Inventories rose sharply even as U.S. crude production slipped 300,000 barrels per day (bpd) to 10.9 million bpd last week due to the effects of offshore facilities closing temporarily for Hurricane Michael.

Meanwhile, Iranian oil exports may have increased in October when compared to the previous month as buyers rush to lift more cargoes ahead of looming U.S. sanctions that kick in on Nov. 4.

An unprecedented volume of Iranian crude oil is set to arrive at China’s northeast Dalian port this month and in early November before U.S. sanctions on Iran take effect, according to an Iranian shipping source and data on Refinitiv Eikon.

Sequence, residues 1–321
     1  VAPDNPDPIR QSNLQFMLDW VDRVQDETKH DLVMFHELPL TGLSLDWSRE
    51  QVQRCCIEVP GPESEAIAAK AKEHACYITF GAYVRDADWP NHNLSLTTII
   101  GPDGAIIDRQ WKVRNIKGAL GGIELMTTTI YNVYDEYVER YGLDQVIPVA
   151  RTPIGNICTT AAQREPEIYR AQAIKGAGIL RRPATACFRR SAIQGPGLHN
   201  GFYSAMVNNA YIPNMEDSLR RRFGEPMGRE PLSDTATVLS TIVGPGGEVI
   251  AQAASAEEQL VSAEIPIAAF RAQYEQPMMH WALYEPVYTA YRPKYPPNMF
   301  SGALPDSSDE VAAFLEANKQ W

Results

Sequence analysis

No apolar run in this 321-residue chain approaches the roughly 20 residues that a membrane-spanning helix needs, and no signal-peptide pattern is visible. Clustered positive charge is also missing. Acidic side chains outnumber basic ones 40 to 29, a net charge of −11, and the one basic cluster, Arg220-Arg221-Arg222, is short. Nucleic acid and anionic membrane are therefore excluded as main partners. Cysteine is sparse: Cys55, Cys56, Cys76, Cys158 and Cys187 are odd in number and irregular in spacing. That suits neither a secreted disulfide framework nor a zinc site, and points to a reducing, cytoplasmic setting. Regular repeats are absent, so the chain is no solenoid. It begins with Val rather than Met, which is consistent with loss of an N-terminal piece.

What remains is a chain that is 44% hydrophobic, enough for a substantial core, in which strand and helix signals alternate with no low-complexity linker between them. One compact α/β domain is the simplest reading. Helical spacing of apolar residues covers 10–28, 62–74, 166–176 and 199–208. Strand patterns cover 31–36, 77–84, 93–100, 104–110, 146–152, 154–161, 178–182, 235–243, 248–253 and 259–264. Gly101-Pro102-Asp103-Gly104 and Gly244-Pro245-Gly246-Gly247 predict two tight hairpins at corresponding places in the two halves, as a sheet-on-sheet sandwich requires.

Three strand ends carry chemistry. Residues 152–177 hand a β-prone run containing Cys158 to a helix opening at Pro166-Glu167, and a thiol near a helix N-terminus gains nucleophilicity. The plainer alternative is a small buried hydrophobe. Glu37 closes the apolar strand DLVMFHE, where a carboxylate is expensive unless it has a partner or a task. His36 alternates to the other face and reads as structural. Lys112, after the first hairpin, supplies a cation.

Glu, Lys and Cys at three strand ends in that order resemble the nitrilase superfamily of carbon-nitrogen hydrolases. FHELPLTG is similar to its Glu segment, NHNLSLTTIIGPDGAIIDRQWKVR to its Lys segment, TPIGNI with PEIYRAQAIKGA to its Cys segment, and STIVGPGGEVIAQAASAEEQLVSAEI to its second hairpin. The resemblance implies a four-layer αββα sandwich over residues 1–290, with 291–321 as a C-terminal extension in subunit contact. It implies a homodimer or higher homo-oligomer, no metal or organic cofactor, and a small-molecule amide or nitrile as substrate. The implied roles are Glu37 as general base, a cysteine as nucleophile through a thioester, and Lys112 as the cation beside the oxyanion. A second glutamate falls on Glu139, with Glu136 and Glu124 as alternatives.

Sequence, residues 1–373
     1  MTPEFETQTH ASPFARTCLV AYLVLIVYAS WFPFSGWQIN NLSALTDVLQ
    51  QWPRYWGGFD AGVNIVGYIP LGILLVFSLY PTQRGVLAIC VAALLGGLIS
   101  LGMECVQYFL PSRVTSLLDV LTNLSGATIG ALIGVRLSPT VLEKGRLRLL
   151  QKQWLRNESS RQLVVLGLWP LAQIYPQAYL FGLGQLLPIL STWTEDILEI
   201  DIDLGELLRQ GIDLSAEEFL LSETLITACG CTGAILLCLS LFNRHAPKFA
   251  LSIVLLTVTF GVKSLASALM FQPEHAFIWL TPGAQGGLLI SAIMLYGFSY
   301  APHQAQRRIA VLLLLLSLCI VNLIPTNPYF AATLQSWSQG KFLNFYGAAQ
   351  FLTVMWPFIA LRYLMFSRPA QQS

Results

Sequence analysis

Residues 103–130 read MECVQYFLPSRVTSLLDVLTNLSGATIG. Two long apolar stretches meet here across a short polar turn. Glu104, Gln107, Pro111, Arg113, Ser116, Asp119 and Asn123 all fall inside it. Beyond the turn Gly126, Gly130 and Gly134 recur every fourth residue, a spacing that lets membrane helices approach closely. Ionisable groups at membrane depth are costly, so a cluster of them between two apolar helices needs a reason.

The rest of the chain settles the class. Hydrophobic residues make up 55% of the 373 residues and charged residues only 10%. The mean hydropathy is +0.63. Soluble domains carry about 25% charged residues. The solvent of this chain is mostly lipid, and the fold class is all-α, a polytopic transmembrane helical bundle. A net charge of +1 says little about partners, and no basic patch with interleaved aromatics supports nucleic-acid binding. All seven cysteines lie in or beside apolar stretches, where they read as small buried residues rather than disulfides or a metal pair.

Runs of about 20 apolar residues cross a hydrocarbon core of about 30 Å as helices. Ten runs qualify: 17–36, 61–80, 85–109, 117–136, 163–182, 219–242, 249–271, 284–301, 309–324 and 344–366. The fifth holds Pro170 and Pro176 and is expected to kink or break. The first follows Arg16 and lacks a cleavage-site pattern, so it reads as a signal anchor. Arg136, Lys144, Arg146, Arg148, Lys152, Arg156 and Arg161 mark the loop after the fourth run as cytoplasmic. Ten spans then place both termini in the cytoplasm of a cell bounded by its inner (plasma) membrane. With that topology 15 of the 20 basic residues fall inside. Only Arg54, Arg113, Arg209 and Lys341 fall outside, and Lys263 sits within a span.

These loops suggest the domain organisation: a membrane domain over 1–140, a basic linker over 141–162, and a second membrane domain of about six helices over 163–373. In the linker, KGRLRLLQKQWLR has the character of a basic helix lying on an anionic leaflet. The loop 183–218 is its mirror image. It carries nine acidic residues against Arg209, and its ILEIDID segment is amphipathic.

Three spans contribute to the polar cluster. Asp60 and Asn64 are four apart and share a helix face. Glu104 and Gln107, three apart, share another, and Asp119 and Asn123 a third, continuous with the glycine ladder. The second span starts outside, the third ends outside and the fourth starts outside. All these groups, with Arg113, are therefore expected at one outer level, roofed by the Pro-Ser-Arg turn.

So far, a total of 22 million barrels of Iranian crude oil loaded on supertankers owned by the National Iranian Tanker Co (NITC) are expected to arrive at Dalian in October and November, the data showed. Dalian typically receives between 1 million and 3 million barrels of Iranian oil each month, according to data that dates back to January 2015.

US oil edges up after 3 percent drop on big stock build

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  • U.S. crude stocks increased by 6.5 million barrels in the previous week, the surge was the fourth straight weekly build and almost triple of what analysts had forecast, according to the U.S. Energy Information Administration.

Oil inched up on Thursday amid ongoing tensions over the death of a prominent Saudi journalist, with prices steadying after a big drop overnight due to a jump in U.S. crude stockpiles.

U.S. West Texas Intermediate crude for October delivery was up 12 cents, or 0.2 percent, at $69.87 a barrel by 0413 GMT, after falling 3 percent in the previous session to settle below $70 for the first time in a month.